You tell me that sometimes
your fingernails look like butchers’ knives, and your thighs, slabs of meat.
It makes me so sad that this girl sitting next to me
sees herself as nothing more than an animal carved to pieces
for greedy young men to eat.
Since when have women gone from living without a care,
never focusing on being fat or being thin,
to seeing ugliness lurk beneath their skin:
monsters that have claimed their lungs as their lair.
Demons like these have stained smiles since Moses
wrenched the seas apart, and locusts crawled through buildings
as easily as lust through men’s hearts.
And even when Jesus expelled spirits and raised the dead,
pretty young girls like Mary and Martha had poisonous thoughts
echoing through their pretty young heads.
But in this post-Biblical, post-postmodern age,
when everyone is into self-obsession and pointless outrage,
and we killed God with a little thing called apathy,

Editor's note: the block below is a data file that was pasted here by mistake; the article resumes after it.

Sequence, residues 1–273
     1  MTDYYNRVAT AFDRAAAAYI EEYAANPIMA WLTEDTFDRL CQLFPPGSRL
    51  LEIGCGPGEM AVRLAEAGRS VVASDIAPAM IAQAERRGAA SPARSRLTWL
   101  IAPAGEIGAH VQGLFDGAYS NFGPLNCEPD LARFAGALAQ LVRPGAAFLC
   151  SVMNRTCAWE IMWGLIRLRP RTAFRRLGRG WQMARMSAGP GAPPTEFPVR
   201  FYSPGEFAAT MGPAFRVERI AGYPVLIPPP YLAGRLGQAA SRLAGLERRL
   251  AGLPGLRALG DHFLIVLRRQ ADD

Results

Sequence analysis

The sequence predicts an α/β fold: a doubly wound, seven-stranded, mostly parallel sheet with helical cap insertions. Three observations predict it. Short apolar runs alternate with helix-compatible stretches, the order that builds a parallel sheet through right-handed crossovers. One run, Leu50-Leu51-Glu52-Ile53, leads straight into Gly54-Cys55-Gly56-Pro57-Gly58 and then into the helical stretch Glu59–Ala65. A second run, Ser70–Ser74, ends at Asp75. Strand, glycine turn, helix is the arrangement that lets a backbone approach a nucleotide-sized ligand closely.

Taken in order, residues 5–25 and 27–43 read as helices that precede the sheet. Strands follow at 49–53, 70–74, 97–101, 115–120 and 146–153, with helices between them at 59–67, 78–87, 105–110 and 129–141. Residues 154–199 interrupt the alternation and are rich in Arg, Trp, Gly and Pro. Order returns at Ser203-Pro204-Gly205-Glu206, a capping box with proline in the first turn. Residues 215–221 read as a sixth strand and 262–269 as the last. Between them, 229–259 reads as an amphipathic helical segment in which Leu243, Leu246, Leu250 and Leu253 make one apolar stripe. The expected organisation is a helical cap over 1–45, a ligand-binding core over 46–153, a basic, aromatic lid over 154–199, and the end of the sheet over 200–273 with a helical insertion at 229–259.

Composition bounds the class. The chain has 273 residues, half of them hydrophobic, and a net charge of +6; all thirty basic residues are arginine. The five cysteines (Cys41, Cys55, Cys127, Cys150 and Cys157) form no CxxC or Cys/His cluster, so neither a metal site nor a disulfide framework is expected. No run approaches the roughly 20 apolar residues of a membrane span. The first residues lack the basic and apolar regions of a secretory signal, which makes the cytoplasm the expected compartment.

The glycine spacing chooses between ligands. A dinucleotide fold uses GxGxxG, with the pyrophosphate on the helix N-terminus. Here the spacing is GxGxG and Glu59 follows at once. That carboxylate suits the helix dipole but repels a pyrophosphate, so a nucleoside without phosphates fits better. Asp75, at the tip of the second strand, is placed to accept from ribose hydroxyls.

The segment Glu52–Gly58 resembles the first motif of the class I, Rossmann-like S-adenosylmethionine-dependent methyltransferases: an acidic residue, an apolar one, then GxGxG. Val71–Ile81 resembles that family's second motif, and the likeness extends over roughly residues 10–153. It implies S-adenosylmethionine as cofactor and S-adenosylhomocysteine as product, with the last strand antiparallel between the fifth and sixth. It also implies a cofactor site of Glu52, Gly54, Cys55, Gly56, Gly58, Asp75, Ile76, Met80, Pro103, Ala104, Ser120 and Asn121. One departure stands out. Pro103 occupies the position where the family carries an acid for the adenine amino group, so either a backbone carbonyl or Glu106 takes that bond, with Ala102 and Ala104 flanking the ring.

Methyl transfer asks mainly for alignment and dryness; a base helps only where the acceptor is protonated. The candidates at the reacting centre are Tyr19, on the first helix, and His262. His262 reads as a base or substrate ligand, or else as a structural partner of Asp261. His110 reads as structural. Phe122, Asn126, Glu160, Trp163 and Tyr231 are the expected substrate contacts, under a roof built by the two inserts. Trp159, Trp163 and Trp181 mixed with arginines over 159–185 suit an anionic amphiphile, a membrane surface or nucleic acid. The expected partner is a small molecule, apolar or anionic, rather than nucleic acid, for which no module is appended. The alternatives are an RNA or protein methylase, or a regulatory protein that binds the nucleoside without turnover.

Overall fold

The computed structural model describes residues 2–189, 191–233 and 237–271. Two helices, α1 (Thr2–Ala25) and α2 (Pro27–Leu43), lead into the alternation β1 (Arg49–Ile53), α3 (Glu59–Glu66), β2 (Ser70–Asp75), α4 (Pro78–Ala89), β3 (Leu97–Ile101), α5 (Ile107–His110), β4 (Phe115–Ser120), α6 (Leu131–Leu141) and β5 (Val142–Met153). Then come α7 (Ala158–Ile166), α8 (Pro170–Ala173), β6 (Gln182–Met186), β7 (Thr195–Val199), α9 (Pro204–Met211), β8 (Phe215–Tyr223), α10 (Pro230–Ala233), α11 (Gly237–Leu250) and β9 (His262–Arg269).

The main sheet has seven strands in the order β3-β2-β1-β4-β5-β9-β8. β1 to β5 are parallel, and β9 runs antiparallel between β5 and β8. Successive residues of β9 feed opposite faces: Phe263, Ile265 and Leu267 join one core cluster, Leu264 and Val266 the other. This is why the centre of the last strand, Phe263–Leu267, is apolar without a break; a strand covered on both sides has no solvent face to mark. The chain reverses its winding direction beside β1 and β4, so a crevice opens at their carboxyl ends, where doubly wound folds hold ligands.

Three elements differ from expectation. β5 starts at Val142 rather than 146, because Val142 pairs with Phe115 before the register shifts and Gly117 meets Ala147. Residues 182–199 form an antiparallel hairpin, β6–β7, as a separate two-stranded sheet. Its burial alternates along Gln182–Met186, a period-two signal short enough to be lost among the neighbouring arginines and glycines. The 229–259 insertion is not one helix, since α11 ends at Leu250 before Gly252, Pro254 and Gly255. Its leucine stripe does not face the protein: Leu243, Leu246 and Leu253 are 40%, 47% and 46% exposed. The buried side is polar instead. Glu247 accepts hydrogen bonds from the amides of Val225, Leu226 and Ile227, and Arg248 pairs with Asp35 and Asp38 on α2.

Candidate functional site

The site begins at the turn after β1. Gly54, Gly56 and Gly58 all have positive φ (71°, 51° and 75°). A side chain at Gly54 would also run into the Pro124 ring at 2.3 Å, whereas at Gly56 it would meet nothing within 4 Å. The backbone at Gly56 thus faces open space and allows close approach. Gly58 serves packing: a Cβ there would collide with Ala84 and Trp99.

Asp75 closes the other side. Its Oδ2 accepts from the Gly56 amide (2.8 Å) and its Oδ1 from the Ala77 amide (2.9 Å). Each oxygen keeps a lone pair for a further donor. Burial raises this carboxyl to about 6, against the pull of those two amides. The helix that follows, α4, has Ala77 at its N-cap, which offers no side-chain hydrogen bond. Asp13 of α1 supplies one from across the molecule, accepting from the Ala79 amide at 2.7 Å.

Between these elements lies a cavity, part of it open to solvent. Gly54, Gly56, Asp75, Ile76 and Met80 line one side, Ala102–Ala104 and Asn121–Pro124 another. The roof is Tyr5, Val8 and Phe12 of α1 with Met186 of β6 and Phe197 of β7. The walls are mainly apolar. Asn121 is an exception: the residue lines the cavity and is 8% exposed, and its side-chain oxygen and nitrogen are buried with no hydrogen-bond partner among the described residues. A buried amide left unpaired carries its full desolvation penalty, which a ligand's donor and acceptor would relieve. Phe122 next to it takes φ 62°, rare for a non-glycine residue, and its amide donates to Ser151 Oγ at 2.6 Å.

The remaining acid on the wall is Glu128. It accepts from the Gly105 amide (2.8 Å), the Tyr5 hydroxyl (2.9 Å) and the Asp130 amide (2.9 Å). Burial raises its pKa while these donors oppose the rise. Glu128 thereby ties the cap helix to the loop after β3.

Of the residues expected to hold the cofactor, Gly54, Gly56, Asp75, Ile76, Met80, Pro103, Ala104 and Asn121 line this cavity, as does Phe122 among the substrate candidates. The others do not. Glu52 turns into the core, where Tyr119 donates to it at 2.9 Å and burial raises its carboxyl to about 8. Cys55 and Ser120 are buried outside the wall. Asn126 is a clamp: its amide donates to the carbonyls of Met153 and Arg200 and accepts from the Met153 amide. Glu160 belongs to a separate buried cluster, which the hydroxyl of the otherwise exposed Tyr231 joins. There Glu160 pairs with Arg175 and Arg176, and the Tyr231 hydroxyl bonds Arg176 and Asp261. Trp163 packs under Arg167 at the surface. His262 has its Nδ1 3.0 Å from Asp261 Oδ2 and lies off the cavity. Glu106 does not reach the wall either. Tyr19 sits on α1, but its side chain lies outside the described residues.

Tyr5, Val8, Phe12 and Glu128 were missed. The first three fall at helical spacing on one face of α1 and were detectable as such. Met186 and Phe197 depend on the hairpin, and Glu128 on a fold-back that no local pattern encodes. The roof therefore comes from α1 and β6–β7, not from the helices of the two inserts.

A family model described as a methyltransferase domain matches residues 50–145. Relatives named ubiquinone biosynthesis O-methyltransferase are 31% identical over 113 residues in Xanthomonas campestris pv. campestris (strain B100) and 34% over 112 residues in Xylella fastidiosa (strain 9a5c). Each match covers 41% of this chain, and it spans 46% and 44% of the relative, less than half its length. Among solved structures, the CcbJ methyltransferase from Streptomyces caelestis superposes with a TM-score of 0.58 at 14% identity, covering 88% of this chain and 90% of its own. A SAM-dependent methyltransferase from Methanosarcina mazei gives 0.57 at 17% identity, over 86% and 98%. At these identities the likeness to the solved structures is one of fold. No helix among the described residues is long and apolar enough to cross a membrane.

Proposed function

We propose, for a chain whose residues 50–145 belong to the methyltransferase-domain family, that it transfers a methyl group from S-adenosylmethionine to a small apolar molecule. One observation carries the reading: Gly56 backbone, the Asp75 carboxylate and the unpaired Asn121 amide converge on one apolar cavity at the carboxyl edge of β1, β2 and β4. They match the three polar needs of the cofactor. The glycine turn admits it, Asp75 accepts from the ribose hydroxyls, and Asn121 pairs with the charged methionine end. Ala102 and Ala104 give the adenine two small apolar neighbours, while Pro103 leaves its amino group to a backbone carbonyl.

it’s hard to realise that wishing your skin would vaporise
is simply not okay.
Pretty girls with blue eyes & blonde hair
have always wished their body mass was insubstantial as air.
Biology classes told them they’re seventy eight percent water.
Maybe if they lie there and concentrate,
seventy eight percent of them will evaporate.
But if I had a daughter, I’d tell her that water moves
like starlight and illuminates the moonlight nestled deep inside of her.
I’d let her know that water wears away at mountains
and flows from fountains and that permanence is beautiful.
I’d tell her that we’re made of water and air, of creativity and hope,
and it’s the seemingly insurmountable thoughts
like self-loathing and depression that the water inside of us
will wear down like rubble.
But I have never given birth, and I look at you when you tell me
that nothing is as tempting as drowning yourself in the deep, blue sea.
You might think your skin is nothing but meat for the slaughter,
but I tell you now, like I’ll tell my daughter,
you’re so much more than just seventy eight percent water.